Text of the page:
'Why I need help, and a hug, from Stacey Solomon'

A sheepskin Womble, old exercise books and a moth-eaten scarf from Deborah Hall's schooldays
A sheepskin Womble, old exercise books and a moth-eaten scarf from Deborah Hall's schooldays -Credit:Deborah Hall/Hull Live

Lifting the lid on a forgotten “treasure” trove of childhood souvenirs you might think would be quite a sweet experience but for me it’s become something of a Pandora’s Box.

The collection of innocently stashed mementoes has sparked a reaction that only decluttering queen Stacey Solomon might be able to save me from. I need that big, reassuring smile, an even bigger hug and some kindly-meant but stern words of encouragement to basically: “Ditch the lot!”

A sad but necessary clear-out of my parental home has revealed some carefully-preserved stuff I’d all but obliterated from my memory. Now I’m suddenly reacquainted with it, why am I having such trouble deciding what to do with it?


It can hardly matter that much, can it, if I wasn’t even aware I’d kept that stub from my first ever plane ticket (to the former Yugoslavia) just after I’d turned 13? While I am delighted I have unearthed the silver bracelet bearing my star sign that my aunt gifted to me when I was a bridesmaid for her at the tender age of three (I had wondered where that went) I am less enamoured with the icing decoration - once a lovely flourish on my sister’s wedding cake when I was again a bridesmaid, aged 15 - languishing, brown and distinctly less lovely, in a piece of tissue paper.

Then there was the once brightly-coloured, now mouldering, wing feather from a dear-departed pet budgie (I kid you not) and a couple of cocktail sticks in the shape of the Post Office Tower, as London’s BT Tower was known, from when I was treated to a visit to its unique revolving restaurant. Only a couple of months back it was reported that the new owner of the said tower is intent on turning it into a hotel and may indeed reinstate that slowly-spinning 360-degree dining experience – maybe it is worth hanging onto those plastic-pronged relics in case they are collectable?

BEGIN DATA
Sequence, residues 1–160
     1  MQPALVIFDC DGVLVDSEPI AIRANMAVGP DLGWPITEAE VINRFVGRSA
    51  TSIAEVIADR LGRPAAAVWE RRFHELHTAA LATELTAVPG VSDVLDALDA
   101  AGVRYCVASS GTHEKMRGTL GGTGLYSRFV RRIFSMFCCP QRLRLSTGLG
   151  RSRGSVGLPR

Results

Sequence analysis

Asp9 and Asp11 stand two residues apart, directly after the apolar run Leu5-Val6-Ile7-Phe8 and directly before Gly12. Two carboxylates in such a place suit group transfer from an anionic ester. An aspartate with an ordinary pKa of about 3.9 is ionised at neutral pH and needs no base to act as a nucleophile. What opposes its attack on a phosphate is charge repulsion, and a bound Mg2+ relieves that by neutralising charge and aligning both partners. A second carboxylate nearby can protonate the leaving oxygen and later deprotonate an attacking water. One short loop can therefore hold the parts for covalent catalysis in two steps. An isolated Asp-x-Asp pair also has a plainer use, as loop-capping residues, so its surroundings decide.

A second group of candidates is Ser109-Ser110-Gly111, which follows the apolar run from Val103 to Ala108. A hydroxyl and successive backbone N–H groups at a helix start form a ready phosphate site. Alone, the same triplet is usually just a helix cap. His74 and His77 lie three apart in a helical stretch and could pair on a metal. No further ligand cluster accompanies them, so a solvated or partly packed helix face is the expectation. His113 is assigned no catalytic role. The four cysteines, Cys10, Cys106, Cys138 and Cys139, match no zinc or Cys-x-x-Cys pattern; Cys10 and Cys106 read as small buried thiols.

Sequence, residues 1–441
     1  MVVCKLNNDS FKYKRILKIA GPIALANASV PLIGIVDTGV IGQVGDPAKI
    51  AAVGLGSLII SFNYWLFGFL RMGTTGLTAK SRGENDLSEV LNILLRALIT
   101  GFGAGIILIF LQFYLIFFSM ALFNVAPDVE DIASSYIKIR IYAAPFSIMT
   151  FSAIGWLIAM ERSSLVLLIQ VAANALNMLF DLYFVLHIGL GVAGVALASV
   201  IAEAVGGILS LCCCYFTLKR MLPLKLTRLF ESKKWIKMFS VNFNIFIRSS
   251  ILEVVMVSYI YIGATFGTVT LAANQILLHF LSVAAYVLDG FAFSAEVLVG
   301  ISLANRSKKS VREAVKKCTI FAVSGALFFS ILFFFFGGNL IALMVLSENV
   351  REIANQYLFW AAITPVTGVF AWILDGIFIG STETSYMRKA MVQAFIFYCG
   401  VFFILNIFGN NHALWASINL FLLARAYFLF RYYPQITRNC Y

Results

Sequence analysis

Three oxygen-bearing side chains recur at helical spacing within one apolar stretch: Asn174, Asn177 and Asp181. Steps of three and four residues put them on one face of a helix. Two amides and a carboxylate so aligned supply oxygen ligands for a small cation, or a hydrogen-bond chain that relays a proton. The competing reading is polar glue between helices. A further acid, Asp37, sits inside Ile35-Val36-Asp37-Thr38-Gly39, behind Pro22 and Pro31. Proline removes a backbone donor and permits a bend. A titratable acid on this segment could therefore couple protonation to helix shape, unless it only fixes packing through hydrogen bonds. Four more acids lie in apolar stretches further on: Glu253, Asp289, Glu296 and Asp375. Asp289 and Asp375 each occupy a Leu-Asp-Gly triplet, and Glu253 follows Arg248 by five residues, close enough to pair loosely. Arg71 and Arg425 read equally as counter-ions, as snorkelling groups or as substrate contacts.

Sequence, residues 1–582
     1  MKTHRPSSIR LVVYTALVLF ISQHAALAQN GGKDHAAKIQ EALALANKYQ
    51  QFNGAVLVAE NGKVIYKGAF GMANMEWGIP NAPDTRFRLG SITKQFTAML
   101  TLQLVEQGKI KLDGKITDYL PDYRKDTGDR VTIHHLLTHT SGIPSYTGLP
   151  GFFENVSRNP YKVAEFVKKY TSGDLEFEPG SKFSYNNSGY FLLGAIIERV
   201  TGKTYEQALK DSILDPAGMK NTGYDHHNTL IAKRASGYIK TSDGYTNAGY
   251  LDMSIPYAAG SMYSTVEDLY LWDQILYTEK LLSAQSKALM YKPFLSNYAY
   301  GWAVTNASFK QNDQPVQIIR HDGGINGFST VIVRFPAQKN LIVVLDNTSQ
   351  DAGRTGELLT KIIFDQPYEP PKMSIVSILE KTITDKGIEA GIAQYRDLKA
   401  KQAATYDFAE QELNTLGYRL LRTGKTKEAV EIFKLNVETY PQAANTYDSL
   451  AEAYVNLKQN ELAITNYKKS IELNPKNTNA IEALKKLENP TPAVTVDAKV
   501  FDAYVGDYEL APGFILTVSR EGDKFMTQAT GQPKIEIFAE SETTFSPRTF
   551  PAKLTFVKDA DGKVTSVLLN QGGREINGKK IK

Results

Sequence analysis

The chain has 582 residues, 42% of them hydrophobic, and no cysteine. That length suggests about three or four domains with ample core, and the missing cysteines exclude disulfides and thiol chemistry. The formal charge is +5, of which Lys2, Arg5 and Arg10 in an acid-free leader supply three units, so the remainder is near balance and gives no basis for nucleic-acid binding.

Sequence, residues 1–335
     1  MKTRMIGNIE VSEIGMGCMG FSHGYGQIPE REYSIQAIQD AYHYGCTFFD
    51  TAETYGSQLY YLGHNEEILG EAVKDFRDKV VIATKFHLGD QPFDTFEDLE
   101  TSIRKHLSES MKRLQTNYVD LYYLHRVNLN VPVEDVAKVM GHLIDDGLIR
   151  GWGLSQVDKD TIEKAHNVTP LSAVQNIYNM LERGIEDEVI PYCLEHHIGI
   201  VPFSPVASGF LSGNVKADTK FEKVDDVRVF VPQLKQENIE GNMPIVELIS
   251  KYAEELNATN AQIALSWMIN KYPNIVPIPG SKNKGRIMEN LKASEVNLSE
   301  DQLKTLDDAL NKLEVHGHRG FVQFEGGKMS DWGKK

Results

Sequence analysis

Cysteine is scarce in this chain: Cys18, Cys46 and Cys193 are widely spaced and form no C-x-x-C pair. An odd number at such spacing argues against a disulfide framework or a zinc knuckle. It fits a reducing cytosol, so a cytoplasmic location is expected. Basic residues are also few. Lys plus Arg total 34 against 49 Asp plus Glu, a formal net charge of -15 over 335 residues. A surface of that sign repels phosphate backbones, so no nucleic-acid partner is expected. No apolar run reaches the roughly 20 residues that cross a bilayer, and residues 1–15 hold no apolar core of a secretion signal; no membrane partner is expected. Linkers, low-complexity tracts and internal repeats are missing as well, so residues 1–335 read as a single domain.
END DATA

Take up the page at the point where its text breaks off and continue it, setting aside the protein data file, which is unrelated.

Stacey Solomon - Sort Your Life Out S2
Where's Stacey Solomon when I need her? -Credit:BBC/Optomen TV/James Stack

But what to do with the piles of exercise books from my early years at Bridlington High School for Girls (also now consigned to history) that were at the back of another cupboard? I didn’t keep anything from my two A-Level years (I distinctly remember imploring my late dad to “burn everything!”) but re-reading those tentative first English essays by the 11-year-old me and discovering a drawing of a cross-section of a wormery, which won approval from an often difficult-to-please biology teacher, has sent me right down a wormhole.

I think it’s like rediscovering parts of a long-lost me – in the case of the long ponytail cut from my formerly waist-length hair it actually IS part of me – and I feel like I’d be throwing away my past with those now bothersome belongings. It’s that emotional pull that’s holding me back, I guess, not the objects themselves, and the fact they once held importance because of the (now resurfacing) memories attached to them.

I’m sure Stacey would repeat her oft-repeated mantra, to me: “Do I need it? Do I use it? Do I love it?” Mostly the answer’s no, then. I think I need to bid farewell to sentiment and grab a bin bag.